Cuomo's bipartisan appeal drops, polls show
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Two recent polls show Gov. Andrew M. Cuomo's broad political appeal dipping, especially upstate.
A Siena College survey found that just 42 percent of upstate residents said they would vote for Cuomo in 2014, compared with 52 percent who preferred "someone else."
A few days later, Marist College reported that 39 percent upstate said they would back Cuomo; 33 percent said they wouldn't and 15 percent said it depends who is running. Statewide, just 30 percent of Republicans said they'd vote for the Democrat, the Marist poll found.
The numbers are notable because Cuomo had been faring well in every region of New York and across party lines for most of his first two years in office.
"Now, it's more of a traditional upstate-downstate, Republican-Democrat split," said Marist pollster Lee Miringoff. He cited the governor's leftward shift in enacting same-sex marriage legislation and new gun control laws, and his advocacy of an abortion-rights bill.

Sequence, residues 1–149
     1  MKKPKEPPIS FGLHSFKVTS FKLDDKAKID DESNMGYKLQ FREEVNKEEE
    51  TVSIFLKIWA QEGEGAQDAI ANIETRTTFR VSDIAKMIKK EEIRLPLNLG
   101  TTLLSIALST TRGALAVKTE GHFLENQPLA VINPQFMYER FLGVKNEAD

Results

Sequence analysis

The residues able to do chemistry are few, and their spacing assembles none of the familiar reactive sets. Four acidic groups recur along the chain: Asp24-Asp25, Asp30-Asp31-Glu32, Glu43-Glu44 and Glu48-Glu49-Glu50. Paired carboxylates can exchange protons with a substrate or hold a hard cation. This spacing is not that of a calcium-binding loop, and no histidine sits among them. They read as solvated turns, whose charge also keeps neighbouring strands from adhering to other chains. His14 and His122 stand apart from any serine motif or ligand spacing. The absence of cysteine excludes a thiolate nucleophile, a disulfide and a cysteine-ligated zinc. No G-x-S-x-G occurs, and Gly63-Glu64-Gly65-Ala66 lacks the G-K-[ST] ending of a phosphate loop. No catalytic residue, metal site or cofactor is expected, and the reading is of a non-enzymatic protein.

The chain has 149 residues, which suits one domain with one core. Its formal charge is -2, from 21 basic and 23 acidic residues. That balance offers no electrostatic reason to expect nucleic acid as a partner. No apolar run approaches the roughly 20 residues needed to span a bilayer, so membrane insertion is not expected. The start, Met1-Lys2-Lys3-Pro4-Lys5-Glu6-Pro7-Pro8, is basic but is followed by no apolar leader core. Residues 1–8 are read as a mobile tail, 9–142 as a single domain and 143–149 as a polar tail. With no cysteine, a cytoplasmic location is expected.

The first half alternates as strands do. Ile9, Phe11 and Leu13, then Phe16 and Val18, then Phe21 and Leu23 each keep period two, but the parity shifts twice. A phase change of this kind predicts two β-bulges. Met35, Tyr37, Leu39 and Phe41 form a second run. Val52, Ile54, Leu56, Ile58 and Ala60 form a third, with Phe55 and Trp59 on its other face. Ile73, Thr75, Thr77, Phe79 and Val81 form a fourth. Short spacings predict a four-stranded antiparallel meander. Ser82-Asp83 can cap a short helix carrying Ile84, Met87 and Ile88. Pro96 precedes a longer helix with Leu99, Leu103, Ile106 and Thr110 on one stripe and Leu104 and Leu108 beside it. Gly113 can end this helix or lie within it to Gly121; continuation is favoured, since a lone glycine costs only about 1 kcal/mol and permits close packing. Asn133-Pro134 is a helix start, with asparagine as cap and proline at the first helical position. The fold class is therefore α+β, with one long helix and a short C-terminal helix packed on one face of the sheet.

"That didn't go unnoticed," Miringoff said. "It solidified his [Democratic] base, but cost him some upstate and Republican support."
Because New York State is so heavily Democratic, Cuomo is still in good shape overall. About 47 percent in the Marist poll statewide said they would vote for him compared with 25 percent who wouldn't. Miringoff said that "47 is a good re-election number" with the election 18 months away.
'EDUCATING' THE PUBLIC
A key to the governor's successful push to legalize same-sex marriage was his ability to organize numerous advocacy groups and forge a unified public-relations campaign. And he's often talked about the need to "educate" the public to build momentum for an issue.
Records released last week show Cuomo earlier this year met with two groups of advocates who are pushing high-profile issues this year: campaign-finance and the governor's "women's agenda."
For those keeping score, the competing election-law proposals include using taxpayer money to publicly fund campaigns to limit the influence of big donors, holding "open" primaries to end party-boss control of ballot access, eliminating party "housekeeping" accounts that have few restrictions on their use, and giving either the attorney general or an attorney appointed by the governor power to investigate election-law violations.